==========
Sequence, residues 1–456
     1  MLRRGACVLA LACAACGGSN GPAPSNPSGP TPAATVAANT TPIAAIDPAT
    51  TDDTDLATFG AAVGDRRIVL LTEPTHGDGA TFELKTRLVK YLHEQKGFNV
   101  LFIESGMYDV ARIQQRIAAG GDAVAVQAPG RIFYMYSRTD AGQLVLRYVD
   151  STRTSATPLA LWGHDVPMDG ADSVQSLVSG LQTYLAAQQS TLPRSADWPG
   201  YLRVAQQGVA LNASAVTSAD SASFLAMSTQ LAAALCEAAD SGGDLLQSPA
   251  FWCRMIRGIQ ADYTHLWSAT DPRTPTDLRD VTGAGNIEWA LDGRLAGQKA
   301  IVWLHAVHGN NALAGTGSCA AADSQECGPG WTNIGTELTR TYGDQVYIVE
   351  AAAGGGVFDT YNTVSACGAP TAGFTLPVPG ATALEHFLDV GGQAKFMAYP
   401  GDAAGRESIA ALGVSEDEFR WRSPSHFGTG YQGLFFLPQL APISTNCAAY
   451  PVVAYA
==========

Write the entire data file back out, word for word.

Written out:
Sequence, residues 1–456
     1  MLRRGACVLA LACAACGGSN GPAPSNPSGP TPAATVAANT TPIAAIDPAT
    51  TDDTDLATFG AAVGDRRIVL LTEPTHGDGA TFELKTRLVK YLHEQKGFNV
   101  LFIESGMYDV ARIQQRIAAG GDAVAVQAPG RIFYMYSRTD AGQLVLRYVD
   151  STRTSATPLA LWGHDVPMDG ADSVQSLVSG LQTYLAAQQS TLPRSADWPG
   201  YLRVAQQGVA LNASAVTSAD SASFLAMSTQ LAAALCEAAD SGGDLLQSPA
   251  FWCRMIRGIQ ADYTHLWSAT DPRTPTDLRD VTGAGNIEWA LDGRLAGQKA
   301  IVWLHAVHGN NALAGTGSCA AADSQECGPG WTNIGTELTR TYGDQVYIVE
   351  AAAGGGVFDT YNTVSACGAP TAGFTLPVPG ATALEHFLDV GGQAKFMAYP
   401  GDAAGRESIA ALGVSEDEFR WRSPSHFGTG YQGLFFLPQL APISTNCAAY
   451  PVVAYA